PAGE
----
First direct observation of the dead cone effect in particle physics

After their creation, the partons (quarks and gluons) undergo a cascade of events called the rain of partons. They lose energy by emitting radiation in the form of gluons, which also emit gluons. The radiation pattern of this shower depends on the mass of the gluon-emitting Parton. It shows an area around the flight direction of the Parton where gluon emission is suppressed – the dead cone.

The death cone effect is a fundamental feature of life force theory that binds quarks and gluons into protons, neutrons, and ultimately all atomic nuclei. The ALICE collaboration at the Large Hadron Collider (LHC) has made the first direct observation of the dead cone effect. The study provides direct experimental access to the mass of a single charm quark before it is confined inside hadrons.

ALICE spokesperson Luciano Musa said: “It was very difficult to directly observe the dead cone. But we were finally able to find out using data from three years of proton-proton collisions at the LHC and sophisticated data analysis techniques.

The ALICE collaboration used state-of-the-art analysis techniques for a large sample of proton-proton collisions at the LHC. The shower of particles can be brought back in time using these techniques: the signals left in the ALICE detector by a flow of particles. The scientists detected a jet formed by this type of quark and traced the history of the quark’s gluon emissions by looking for jets containing a particle containing a charm quark. When the gluon emission pattern of the charm quark was compared with that of gluons and nearly massless quarks, a dead cone was discovered in the charm quark pattern.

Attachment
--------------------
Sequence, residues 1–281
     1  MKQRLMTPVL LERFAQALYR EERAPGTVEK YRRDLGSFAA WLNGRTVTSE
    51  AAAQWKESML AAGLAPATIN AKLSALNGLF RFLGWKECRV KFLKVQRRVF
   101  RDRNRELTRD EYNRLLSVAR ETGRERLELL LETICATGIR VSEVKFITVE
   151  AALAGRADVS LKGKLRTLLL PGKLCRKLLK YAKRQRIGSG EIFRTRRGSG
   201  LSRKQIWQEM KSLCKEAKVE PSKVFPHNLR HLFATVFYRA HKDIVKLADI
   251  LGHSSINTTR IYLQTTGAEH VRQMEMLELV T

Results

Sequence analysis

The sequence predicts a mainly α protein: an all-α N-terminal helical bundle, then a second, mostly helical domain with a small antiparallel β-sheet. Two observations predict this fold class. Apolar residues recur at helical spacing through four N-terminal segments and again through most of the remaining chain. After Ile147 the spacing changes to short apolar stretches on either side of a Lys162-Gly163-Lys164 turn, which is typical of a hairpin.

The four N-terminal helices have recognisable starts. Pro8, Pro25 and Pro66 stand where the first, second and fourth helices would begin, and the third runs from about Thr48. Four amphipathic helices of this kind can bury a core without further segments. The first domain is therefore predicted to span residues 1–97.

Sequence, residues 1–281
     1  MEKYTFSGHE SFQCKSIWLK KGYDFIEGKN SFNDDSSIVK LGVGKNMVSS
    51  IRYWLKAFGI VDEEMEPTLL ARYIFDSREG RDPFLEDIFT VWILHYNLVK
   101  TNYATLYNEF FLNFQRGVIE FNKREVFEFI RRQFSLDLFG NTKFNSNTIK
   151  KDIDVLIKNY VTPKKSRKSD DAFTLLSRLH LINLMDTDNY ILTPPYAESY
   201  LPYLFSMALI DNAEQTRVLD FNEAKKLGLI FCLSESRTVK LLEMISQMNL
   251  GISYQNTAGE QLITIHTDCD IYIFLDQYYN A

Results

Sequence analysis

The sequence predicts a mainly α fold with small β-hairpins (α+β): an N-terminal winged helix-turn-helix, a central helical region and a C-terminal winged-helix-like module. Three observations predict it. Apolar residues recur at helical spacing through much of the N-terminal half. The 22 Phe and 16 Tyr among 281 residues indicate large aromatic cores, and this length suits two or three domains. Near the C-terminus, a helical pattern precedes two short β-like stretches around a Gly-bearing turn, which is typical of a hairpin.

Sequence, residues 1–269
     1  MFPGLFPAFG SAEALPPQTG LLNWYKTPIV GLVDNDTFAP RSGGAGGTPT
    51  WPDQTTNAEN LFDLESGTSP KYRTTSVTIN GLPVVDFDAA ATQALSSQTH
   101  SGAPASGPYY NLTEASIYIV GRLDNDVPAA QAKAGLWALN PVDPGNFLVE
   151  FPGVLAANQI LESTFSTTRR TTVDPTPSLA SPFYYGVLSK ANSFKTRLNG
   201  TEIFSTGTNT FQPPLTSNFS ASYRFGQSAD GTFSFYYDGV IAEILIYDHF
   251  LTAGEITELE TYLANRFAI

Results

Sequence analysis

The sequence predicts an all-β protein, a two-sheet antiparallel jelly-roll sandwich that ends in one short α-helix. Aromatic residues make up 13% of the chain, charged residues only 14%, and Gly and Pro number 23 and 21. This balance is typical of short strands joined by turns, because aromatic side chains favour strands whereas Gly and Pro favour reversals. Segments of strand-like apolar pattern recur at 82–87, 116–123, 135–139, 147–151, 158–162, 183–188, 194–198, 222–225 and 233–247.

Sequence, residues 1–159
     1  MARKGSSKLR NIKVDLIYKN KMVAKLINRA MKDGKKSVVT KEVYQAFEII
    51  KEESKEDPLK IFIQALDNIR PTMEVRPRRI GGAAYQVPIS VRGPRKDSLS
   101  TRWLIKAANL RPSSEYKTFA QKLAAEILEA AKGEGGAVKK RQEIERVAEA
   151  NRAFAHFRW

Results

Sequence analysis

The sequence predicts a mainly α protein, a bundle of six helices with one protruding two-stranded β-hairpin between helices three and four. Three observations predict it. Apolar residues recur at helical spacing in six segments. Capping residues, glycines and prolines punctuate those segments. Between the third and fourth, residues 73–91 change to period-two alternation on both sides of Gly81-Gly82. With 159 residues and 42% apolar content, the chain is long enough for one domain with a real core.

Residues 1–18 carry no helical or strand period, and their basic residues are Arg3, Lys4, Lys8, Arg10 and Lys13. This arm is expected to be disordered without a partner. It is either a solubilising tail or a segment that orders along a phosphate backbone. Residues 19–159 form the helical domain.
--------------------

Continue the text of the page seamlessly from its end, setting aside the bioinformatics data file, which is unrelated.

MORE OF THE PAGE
The result also directly exposes the mass of the charm quark, as the theory predicts that massless particles have no corresponding dead cones.

Andrea Dainese, ALICE Physical Coordinator, said: “Quark masses are fundamental quantities in particle physics, but they cannot be viewed and measured directly in experiments because, with the exception of the top quark, quarks‌ are confined inside composite particles. Our successful technique of directly observing the dead cone of a parton shower may provide a means of measuring quark masses.

Journal reference:

  1. ALICE Collaborative. Direct observation of the dead cone effect in quantum chromodynamics. Nature 605, 440–446 (2022). DOI: 10.1038/s41586-022-04572-w

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